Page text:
On Tuesday, August 24, Representatives Peter Meijer (R-MI) and Seth Moulton (D-MA) traveled to Kabul on an unannounced trip to perform one of their primary duties as elected representatives: congressional oversight. Both were primarily interested in seeing the situation at the airport for themselves rather than sit by idly and accept White House press statements at face value. They were reportedly discontent with the Biden administration’s refusal to elaborate on the number of Americans and Afghan allies still awaiting the opportunity to escape the country, choosing to take matters into their own hands to inform themselves about the reality of the situation in Kabul.
Meijer and Moulton are both veterans of the Iraq War and vocal critics of the Biden administration’s response to the Taliban’s rapid takeover of Afghanistan. Previously, the two had cited the need for the president to unilaterally extend the August 31 deadline for the evacuations to a later date, arguing that more time would be needed for the emptying of the airport to take place. Upon seeing the situation in Afghanistan firsthand, Meijer and Moulton have backtracked on their positions and begun to argue that the August 31 deadline should be followed to avoid further antagonizing the Taliban. Supposedly, extensions of the ongoing departures would do very little to finish the job even by September 11, contrasting some statements made this week about the likelihood of the mission being accomplished by the original deadline.
The actions of these congressional veterans have brought renewed attention to the events in Afghanistan. The Biden administration has continued to blame others, deflecting criticism for its mishaps. Until recently, it refused to provide estimates on the number of Americans and Afghans still waiting to flee the country. The Pentagon has also aligned itself with the Biden administration’s haphazard decisions, preferring to criticize the two members of Congress for doing their jobs and gathering valuable information in the face of executive branch resistance to public transparency. Mainstream Democrats continue to overwhelmingly support Biden’s agenda despite his sinking approval rating, leading them to depict Meijer and Moulton as performative legislators on social media.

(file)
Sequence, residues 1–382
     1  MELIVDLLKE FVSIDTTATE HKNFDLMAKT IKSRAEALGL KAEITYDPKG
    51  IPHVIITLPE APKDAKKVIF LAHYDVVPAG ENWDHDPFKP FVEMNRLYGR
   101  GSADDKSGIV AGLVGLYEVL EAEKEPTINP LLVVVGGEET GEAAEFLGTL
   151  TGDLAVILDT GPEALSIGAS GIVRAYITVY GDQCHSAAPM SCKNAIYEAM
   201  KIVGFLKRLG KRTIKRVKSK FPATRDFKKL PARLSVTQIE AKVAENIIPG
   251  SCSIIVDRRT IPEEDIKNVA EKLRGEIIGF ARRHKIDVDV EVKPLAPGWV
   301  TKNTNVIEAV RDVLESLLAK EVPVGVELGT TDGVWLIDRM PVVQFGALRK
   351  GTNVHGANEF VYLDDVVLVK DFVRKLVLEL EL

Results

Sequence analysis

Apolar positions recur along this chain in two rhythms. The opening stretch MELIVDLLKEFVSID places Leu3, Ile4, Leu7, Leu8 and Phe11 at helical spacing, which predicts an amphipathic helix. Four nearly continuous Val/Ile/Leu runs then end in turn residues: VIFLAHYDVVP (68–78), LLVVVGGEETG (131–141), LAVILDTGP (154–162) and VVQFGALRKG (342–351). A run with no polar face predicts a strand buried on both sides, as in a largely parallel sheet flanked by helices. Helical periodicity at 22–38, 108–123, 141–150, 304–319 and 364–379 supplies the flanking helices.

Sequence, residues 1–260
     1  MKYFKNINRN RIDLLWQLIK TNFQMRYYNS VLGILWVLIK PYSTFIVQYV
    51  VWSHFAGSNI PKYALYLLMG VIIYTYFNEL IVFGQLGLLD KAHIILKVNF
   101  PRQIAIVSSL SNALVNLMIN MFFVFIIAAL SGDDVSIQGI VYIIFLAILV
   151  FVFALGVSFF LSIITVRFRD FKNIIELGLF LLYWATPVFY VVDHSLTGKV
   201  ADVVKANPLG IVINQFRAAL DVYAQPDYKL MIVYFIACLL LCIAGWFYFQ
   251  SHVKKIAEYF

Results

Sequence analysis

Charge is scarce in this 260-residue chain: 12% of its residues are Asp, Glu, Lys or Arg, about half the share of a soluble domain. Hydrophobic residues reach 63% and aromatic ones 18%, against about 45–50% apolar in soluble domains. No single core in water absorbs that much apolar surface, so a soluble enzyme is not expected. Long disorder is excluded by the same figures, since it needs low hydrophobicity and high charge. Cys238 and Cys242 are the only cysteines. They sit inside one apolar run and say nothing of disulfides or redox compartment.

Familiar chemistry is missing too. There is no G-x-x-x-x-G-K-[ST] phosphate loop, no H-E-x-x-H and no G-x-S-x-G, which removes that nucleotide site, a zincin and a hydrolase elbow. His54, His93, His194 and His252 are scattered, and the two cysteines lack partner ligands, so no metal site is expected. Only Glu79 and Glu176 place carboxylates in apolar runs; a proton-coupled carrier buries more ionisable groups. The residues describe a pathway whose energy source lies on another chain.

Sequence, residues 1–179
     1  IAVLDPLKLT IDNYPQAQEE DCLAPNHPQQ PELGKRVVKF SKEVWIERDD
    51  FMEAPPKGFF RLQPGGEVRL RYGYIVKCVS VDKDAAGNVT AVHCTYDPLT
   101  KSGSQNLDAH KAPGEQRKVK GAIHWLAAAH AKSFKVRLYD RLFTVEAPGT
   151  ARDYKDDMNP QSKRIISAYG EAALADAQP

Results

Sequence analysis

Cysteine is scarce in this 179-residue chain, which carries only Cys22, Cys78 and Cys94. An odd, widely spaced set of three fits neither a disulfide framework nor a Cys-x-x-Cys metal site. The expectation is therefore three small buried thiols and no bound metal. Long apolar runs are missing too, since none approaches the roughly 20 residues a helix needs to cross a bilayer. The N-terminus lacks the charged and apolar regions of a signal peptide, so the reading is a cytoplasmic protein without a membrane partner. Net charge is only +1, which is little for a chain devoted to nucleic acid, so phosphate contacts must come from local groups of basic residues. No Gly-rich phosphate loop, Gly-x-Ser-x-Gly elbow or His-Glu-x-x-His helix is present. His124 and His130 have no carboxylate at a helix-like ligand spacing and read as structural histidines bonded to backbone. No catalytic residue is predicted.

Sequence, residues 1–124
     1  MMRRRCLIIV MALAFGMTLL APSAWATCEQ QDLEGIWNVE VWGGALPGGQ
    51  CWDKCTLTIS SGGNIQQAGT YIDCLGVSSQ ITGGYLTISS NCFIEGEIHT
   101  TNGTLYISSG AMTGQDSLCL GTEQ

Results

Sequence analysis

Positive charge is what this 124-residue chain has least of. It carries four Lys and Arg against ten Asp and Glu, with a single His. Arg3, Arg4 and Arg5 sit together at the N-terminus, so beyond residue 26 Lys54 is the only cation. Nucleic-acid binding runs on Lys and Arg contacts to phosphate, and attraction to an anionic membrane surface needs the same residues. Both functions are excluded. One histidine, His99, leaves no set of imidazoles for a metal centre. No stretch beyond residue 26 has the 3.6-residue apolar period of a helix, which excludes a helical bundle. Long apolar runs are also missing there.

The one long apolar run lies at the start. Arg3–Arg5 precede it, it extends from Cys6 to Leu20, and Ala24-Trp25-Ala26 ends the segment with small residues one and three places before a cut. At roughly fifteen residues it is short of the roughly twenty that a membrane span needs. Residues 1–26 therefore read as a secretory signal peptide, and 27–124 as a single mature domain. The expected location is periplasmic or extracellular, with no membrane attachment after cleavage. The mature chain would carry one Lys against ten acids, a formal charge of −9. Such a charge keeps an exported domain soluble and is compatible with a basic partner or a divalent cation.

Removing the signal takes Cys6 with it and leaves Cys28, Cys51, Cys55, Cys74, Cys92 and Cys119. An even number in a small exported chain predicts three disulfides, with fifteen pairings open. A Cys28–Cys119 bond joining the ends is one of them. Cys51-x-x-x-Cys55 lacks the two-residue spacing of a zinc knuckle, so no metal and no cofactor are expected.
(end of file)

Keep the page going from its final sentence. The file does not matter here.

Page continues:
House leaders have expressed varying levels of criticism towards the veteran congressmen. House Speaker Nancy Pelosi slammed the two legislators for “freelancing on their own” and allegedly taking resources and attention away from those waiting to be evacuated in Kabul. House Minority Kevin McCarthy advised that no other Republican should seek to follow in Meijer’s footsteps. However, his remarks were much less harsh and instead called on the Biden administration to further promote transparency regarding its actions in the region. The public also levied significant amounts of criticism on the two for the decision to travel in secrecy, suggesting that the congressmen were more focused on a photo op than genuine intelligence gathering. The legislators earnestly refuted this narrative in an interview after the visit, pointing out that their fact-finding mission was an attempt to navigate the ever-changing circumstances at the Kabul airport. From their point of view, calling ahead would have led to an inauthentic mission with personnel standing by at all times to depict the mission in a more positive light.
Congress has long held record-low approval ratings for their inaction on so many issues Americans face daily. This week’s events have shown that some members of Congress may have had enough with the deceptive and vapid updates on the situation in Kabul coming from the Pentagon and White House. Congress has the essential job of providing oversight on the actions of the president and executive branch as a whole. Whether the Biden administration likes it or not, our legislators have the responsibility to communicate with their constituents when critical information is being withheld from them. Why should the president and his team be upset that Congress is doing its job while his administration fails to do its own?
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